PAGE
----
Let’s set the record straight. My record evaluating cards is SPOTLESS. The two best Lightning Legends you ask? Well they’re Rufus and Noel of course (this one is for you Phil 😉). Even if those cards aren’t… competitive, they are both solid cards. Noel provides an interesting removal option with a body, and the jury is still out on Rufus seeing as we will eventually get more Member of Turks (that’s how you write job titles folks). My point is that once you get past initial reactions to cards, they can function just fine. Just because they don’t break the meta doesn’t mean they are bad, there are a lot of really strong cards in the meta. Mono Lightning in particular, although you might argue it isn’t meta right now, already has to pack a lot of specific cards in to be competitive, leaving less room open for other choices.
Moving along, on Thursday July 4th, 2019, a young Square Enix employee by the name of Richie Brady posted her delightful and well-received Card of the Week article. In previous weeks, both she and Kageyama had spoiled numerous interesting cards. Some cool, some powerful, and even some that were both! This week RB had the privilege of spoiling the Light legend for Opus IX. The reaction to the card was… poor, with people claiming:
“Why would you ever run this over Veritas”
-Inflamed Facebook Commenter
“This is just a skinned down Xande”
– Fire-Loving Vagabond
(I hope no one thinks these are specifically about their comment, I saw these thoughts echoed by many throughout the online community)
At this point a brave, some would even say heroic, Samsonite Prime jumped to the defense of WOL to say the following:
The thing is, he’s not wrong and I am not even convinced that this card is that bad. But before you change your mind, first let’s dig into the card itself. WOL is a 4 CP Light Forward with 9000 power. His text reads “You can only pay with Fire CP, Wind CP, Earth CP, or Water CP and you must use CP of two or more different elements to play WOL onto the field. When WOL is put from the field into the Break Zone, choose 1 Forward opponent controls. Deal it 9000 damage.”. P.S. This guy is Job: Warrior of Light.
Alright, so this card has some restrictions, you can only play this in the elements that have Warriors of Light in them, and if you run Materia for Light Forward searching, I don’t believe you can actually tap her to play WOL since she generates Light CP. Given his restrictions and his job, he will obviously have synergy in a Warrior of Light deck. However, RB already talked about that in her article, which you can find here.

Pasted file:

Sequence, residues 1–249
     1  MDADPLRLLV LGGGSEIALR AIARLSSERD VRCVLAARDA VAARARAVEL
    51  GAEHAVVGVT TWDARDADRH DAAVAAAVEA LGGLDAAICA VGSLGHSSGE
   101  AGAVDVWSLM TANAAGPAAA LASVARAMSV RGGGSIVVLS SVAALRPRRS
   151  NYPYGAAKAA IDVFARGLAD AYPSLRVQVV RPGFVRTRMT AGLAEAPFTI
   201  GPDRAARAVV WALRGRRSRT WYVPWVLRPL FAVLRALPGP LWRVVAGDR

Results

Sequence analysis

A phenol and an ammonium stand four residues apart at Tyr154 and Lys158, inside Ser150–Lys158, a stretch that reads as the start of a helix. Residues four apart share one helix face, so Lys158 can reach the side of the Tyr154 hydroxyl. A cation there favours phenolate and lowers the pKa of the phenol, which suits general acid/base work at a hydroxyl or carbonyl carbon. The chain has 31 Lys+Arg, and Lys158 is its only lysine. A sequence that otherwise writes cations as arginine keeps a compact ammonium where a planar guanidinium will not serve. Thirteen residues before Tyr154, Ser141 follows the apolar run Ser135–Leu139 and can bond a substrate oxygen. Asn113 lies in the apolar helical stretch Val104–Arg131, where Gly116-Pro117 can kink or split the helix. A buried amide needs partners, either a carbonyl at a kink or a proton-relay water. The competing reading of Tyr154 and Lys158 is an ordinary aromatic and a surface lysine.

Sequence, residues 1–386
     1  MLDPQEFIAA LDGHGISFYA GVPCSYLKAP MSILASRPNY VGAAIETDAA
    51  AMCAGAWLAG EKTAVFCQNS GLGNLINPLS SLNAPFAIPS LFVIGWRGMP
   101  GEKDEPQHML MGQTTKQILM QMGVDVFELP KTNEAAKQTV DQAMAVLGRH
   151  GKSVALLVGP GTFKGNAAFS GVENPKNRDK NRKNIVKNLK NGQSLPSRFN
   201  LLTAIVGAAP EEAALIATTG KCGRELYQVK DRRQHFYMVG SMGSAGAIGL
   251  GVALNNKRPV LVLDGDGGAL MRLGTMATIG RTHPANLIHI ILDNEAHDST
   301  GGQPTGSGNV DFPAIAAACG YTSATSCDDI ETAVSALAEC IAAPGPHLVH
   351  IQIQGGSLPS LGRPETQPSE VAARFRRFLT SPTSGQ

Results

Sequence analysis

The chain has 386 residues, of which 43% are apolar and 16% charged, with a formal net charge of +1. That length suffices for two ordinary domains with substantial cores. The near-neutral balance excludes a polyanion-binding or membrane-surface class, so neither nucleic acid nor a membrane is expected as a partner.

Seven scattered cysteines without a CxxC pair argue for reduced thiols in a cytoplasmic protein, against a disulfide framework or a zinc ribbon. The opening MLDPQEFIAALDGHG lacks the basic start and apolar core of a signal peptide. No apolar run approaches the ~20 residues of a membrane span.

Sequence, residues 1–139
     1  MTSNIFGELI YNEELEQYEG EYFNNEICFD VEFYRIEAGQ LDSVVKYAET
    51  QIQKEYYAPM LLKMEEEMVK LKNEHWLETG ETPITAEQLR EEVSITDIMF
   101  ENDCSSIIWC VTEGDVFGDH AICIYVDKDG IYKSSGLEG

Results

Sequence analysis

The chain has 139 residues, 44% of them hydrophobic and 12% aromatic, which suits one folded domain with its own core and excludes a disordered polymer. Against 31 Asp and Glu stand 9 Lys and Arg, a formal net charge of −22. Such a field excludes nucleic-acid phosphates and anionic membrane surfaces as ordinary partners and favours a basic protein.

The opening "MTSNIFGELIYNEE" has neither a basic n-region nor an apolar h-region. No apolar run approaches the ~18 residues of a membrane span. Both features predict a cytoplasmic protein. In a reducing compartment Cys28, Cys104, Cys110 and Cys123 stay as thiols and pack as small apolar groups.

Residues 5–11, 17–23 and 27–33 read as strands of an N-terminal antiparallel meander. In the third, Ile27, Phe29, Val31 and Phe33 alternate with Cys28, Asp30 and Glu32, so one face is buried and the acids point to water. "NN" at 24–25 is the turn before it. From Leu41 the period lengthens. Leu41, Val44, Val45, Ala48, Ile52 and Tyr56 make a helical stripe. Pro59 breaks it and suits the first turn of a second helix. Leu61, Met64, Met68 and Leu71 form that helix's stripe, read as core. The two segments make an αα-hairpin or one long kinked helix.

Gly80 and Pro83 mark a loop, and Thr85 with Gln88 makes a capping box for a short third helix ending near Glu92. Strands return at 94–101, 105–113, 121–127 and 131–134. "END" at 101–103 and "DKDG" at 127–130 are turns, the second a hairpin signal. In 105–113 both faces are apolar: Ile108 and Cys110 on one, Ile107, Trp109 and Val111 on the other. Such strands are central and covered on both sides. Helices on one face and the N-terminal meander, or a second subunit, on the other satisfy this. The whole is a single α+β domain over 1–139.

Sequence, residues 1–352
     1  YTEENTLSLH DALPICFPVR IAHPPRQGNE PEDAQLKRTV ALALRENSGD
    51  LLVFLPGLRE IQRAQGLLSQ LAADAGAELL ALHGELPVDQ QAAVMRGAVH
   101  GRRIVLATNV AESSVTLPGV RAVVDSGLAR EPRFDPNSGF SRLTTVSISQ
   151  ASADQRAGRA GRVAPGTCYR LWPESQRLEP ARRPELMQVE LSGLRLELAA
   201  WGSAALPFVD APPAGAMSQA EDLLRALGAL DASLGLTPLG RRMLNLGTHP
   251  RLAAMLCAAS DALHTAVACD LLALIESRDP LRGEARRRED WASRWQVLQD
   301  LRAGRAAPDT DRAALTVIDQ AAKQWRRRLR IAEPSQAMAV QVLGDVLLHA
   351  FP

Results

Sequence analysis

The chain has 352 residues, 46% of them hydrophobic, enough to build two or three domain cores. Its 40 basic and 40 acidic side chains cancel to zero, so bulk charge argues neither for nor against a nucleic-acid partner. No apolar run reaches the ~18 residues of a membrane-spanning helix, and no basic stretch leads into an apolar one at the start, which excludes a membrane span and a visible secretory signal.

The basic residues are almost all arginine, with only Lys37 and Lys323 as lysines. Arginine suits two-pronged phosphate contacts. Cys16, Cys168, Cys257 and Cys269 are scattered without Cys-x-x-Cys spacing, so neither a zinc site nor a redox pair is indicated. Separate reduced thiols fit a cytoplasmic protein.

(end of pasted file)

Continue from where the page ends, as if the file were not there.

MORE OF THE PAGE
Personally, I think this card has the potential to break into non-Warrior of Light builds. It likely won’t be played in many Mono-Coloured decks, except for Earth (because of Shantotto), unless those decks also run Cosmos to run multiple Light Forwards (which is unlikely), or to splash for 7 CP Phoenix (more likely). Ok, so looking at the available elements, this card could hypothetically fit (as in it’s playable) into the following Meta decks: Earth/Wind, Fire/Water FFIX, Earth/Fire FFVII, and Water/Wind.
Looking above, to play WOL he would need to co-exist with other Light cards or bump them (and any Dark cards out of the deck). Let’s pretend you are willing to cut these Light and Dark cards, why should you give WOL a slot in your deck?
I am going compare him to Veritas for a second (what is this, article suicide?!). Both have a similar enter the Break Zone abilities, although Veritas’ is better as it doesn’t target and gets around most protection. However, because Veritas is not targeted it can really mess up your plans when he sacks a card that your opponent A) Doesn’t care about or B) wants to play again. So, for the sake of this comparison I would like to state that:
Veritas and WOL’s enter the Break Zone abilities are very similar and have minor trade-offs in their function.
With WOL you can get this ability for 2 CP less than Veritas, but at the cost of no ETB ability. WOL’s other advantage is his power being above curve at 9000. With WOL there won’t be many Forwards that he cannot trade into. And when he does, he will take another Forward with him, going two for one. I think that 1000 power difference between Veritas and WOL is significant. I have faced situations with Veritas where he has to chump block a larger Forward to force my opponent to sac a card.
Comparing him to Xande doesn’t hold any ground with me, because Xande can’t be played in multi-coloured decks easily, whereas this card can. The difference between 4 and 5 CP is also very relevant, and not just because of the 5 CP Forward removal the Wind has access to. 4 CP cards can be played earlier off of Backups (2 or 4) and can be played from hand off of discarding cheaper as well.
I have copied some possible synergies with WOL below (leaving out WOL synergies, check out RB’s article!):
Its going to take some testing, but I think this card isn’t bad. Heck, it might even be good. I like the idea of an above curve blocker/attacker that has a payoff when it hits the Break Zone, even it does have some restrictions to how it is played. WOL will be played similarly to Galdes. Sure costing 1 CP more and losing some of those ability options is a downgrade, but it is still going to be a value play that your opponent will not want to get rid of. One major difference is you cannot drop this card on an empty board without fear of removal before it can get value.
What do you think? Am I out of my mind, or maybe just too optimistic? All I am saying is don’t rule out WOL too early. Whether it is a powerhouse in a Warrior of Light build, or tech choice in an established archetype, I think we will be seeing some WOL action in Opus IX.
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Alex is a FFTCG player from Vancouver, Canada. His favourite Final Fantasy is IV and his favourite Elements are Earth and Ice, although he has a soft spot for fire.